Babcock emerges with steady left hook of “Fight I Need”

Singer-songwriter Stephen Babcock makes a fresh return with new music in just a little less than two weeks on June 28th in the form of upcoming single “Fight I Need”. The one-off is the followup to Babcock’s exceptional 2018 EP “Fiction”, and represents yet another linear step ahead in the development of the musician’s sound.

Material like “Fiction” and Babcock’s prior 2016 LP “Said & Done” largely felt most at home in a stripped down, coffeehouse format allowing the upfront intimacy of the moments to flow cleanly off the acoustic guitar strings. “Fight I Need” doesn’t exactly lose that well-shined sensibility for the landscape. Rather, it just surrounds it with an added edge of slinky organ work, trailing harmonies, and the bright punch of electric guitar fills racing right out of the melodic gateway.

That auditory kiss with a fist makes for a fitting companion to the track’s lyrical energy, which takes the notion of Pat Benatar’s “Love is a Battlefield” and riffs on it as a way to describe a desire for a relationship’s emotional toil. And indeed, either experience feels akin to 10 rounds in the boxing ring, with equal amounts of stamina needed just to outlast the conflict. 

You can see Stephen live just after “Fight I Need” comes out at New York City’s Rockwood Music Hall, Stage 2 for a release show June 29th at 9pm!

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Silver Relics offer alt-rock excellence on “Generic.”

I love being able to delve into a lot of different tones and types of music on this blog. As my tastes advance, branch out and find new avenues in the cracks of this genre highway, it continues to be refreshing to be able to share what moves me and fascinates my ear. And it’s time to do that once again, this time in the form of a New York City-based alternative-rock band and their new record “Generic.”

Silver Relics begin their journey on this newly-released LP with the computery, electrified “Fame”, a song ruminating on the topic in a musical descent reminiscent of Bob Mould’s “Workbook” mixed into his later album “Modulate”. With drummer Justin Alvis providing Phil Collins “In The Air Tonight” thunder downs from behind the kit, lead vocalist and songwriter Alex Sepassi brings an almost industrial-sounding Gothic, Smashing Pumpkins-processed gloom within his Billy Corgan-splashed vocals on this track. 

“Generic” meanwhile has a more Depeche Mode, stadium rock 80’s ambition that soars with a psychedelic expanse, while “End of Zero” is an acoustic-shaded dance beat of a song. “Time Bomb” wades into cutting guitar lines reminiscent of Sonic Youth, and “Wanderlust” abruptly turns from that musical thought into something resembling Duran Duran.

Silver Relics certainly comes as catchy as some of my prior references advertise, with track after track hitting ear-worms and hooks with a regularity requiring repeat listens just to break down the layers. 

“Generic.” is an LP that doesn’t hesitate to move and get loose around the space it creates for itself and its melodic character, while still staying a bit more dark and digital with its soundscapes. The record title may imply something common or easily passable, but Silver Relics has done anything but that here in this expanse. 

Check out the album below, as well as a few tour dates when Silver Relics may be in your neck of the woods!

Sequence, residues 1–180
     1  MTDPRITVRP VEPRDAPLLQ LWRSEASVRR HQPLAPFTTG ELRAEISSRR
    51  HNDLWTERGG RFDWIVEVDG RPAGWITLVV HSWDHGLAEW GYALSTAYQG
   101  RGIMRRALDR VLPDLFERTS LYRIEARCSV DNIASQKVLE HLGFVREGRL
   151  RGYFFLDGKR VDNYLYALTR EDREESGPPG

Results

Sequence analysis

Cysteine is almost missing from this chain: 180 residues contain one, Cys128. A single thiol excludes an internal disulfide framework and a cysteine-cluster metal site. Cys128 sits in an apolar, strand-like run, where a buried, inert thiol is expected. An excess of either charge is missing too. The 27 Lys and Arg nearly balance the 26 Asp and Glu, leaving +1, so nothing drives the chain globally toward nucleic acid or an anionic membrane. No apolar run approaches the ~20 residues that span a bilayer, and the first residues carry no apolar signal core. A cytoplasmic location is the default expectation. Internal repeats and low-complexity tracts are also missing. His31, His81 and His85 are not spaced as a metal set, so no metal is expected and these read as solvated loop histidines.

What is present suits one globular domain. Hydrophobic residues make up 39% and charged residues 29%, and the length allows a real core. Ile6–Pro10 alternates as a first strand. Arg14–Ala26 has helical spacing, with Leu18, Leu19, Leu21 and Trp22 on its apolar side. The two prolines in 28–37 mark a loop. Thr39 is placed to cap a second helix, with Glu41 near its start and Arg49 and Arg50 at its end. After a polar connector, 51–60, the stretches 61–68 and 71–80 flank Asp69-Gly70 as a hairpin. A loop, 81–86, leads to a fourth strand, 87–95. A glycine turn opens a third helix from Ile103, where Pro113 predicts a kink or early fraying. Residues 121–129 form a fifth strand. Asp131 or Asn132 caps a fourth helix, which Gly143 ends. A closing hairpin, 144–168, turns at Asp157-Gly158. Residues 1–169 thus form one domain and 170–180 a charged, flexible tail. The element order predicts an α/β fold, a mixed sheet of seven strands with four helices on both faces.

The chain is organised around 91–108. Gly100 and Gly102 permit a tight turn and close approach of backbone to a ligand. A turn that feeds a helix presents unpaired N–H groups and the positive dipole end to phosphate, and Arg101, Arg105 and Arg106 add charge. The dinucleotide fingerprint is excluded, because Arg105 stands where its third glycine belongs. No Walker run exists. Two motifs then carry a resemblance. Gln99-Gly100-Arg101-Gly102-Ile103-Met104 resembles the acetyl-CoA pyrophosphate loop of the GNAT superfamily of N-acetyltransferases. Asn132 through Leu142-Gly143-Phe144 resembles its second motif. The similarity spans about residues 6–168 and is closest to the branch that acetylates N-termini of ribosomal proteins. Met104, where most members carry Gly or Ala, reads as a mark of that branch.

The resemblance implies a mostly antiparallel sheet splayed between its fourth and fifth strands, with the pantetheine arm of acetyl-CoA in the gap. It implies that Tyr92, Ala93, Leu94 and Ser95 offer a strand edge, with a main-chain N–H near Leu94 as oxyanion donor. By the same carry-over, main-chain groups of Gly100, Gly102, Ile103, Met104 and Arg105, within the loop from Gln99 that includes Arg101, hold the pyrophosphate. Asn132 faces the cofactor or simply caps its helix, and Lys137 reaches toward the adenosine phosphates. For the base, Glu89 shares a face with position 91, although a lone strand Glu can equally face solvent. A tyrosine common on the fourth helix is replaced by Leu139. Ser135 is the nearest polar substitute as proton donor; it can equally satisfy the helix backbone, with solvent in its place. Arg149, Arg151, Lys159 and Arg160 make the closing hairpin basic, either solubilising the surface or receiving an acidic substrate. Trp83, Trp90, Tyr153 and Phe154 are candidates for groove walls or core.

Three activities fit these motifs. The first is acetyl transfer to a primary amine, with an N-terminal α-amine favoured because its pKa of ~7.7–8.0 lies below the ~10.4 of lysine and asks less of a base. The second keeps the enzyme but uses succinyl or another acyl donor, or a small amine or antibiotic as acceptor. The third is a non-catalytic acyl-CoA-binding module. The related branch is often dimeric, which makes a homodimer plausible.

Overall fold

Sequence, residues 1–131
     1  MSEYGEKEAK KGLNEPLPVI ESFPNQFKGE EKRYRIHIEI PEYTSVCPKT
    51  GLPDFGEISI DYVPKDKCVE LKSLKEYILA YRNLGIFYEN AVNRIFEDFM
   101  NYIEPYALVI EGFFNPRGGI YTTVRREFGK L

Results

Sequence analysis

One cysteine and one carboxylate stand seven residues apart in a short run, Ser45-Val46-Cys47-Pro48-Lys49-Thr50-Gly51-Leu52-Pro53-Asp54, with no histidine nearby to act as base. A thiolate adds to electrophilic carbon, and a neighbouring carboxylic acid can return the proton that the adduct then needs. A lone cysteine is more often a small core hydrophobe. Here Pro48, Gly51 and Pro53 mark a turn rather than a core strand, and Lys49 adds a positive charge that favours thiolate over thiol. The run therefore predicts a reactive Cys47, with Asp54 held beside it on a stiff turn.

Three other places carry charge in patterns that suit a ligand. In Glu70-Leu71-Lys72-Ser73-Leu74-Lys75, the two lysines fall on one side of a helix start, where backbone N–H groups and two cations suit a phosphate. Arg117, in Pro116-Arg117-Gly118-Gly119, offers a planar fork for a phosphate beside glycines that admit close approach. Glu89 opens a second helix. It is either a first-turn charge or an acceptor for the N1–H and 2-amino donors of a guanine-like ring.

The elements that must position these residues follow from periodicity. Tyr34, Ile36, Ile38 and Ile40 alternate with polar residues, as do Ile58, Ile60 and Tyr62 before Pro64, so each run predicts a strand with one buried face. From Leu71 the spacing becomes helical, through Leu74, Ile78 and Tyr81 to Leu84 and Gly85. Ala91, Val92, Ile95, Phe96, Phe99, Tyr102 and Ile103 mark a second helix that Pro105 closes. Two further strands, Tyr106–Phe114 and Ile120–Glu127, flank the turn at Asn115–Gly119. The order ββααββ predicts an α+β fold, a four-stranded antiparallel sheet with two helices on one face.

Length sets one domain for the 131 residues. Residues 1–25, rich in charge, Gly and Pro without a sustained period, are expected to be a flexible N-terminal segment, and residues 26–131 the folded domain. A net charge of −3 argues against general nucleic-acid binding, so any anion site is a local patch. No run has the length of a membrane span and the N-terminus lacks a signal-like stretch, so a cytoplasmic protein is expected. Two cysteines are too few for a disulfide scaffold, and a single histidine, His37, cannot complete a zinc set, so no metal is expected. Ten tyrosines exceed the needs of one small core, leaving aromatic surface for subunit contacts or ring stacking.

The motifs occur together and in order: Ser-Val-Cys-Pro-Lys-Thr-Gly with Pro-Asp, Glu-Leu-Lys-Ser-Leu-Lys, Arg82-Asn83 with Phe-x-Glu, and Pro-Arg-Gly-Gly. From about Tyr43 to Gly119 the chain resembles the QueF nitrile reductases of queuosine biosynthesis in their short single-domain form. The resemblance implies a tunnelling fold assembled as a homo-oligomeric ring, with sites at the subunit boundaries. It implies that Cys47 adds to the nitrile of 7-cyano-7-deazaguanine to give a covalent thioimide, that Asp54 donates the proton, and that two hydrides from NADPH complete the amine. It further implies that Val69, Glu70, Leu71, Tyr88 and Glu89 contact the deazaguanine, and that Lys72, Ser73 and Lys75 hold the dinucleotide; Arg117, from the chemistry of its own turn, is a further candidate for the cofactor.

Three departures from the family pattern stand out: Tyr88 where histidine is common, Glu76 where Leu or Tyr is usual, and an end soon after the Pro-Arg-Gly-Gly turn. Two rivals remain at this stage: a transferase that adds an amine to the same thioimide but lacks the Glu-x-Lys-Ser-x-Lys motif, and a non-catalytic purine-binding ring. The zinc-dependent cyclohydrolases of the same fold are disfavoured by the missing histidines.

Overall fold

‘Record Release Listening Party’ at The Scratcher, NYC – May 28

Live:

Drop Dead Twice: Dublin – May 27

RTE Radio 1: Dublin – airs July 1

Green Door Store: Brighton – July 1 

The Islington: London – July 2

Owen-Glass Captures Acoustic Magic on “So American” Video

Today it’s my pleasure to release the premiere of “So American”, a brand new music video from the band Owen-Glass. This is a cover the group did of a song originally written and performed by Portugal. The Man off their 2011 album In The Mountain In The Cloud.

Portugal’s version is a bouncy, psychedelic joy-rave somewhere between The Flaming Lips “Do You Realize?” and The Kinks. But while Owen-Glass’ take may enter the starting gate acoustically similar to the original, it proceeds to lean away from building up and chooses instead to embrace a more bare-boned folk edge.

The video takes hold of a similar strategy as there are a few mixing visuals of the band, but nothing that takes away from the mood and strength of the performance. The upfront intimacy of the moment feels very much like an installment of NPR’s “Tiny Desk” series, which further lays vulnerable “So American” and its lyrical critiques of hypocrisy and dysfunction in these United States.

For a song that debuted in 2011, those themes almost feel more relevant from where we sit today in 2019. But without any further insight from me here’s the video from “So American”, as well as a quote from Owen-Glass singer-songwriter Kelly Wayne Conley on why they chose to cover the track.

“We wanted to sort of pay tribute to some of the songwriters and bands that had a major impact on us, and John Gourley was an obvious standout. Portugal. The Man’s story is really special to us, because we followed them from the very beginning and now, after more than a decade of grinding on the road, promoting real, soulful art, those guys have finally gotten their due.

It’s a testament to the demand that still exists for real music, y’know. Like, these are artists in a universal sense, practicing their craft—using real instruments and building out cohesive projects that have a clear, artistic message by and for the common man.”We chose ‘So American’ because it really fits with who we are as a band, and we feel like it translates well in our sort of folky Americana style…

The message in ‘So American’ cuts right to the core of the culture we grew up in—seeing everything—politics, religion, whatever—through this American lens, and all of John’s songs pushed us to view the world differently and find a new level of empathy and even affected our spiritual awareness in those formative adolescent years. That’s not something you get from just any song by just any band. It’s really a special thing. I guess, in a way, our performing this song is our way of saying thank you to John, Zach and the rest of the guys for enriching our lives with their art.”-Kelly Wayne Conley

Kuri Hypnotizes on Unflinching “Human Nature” Visuals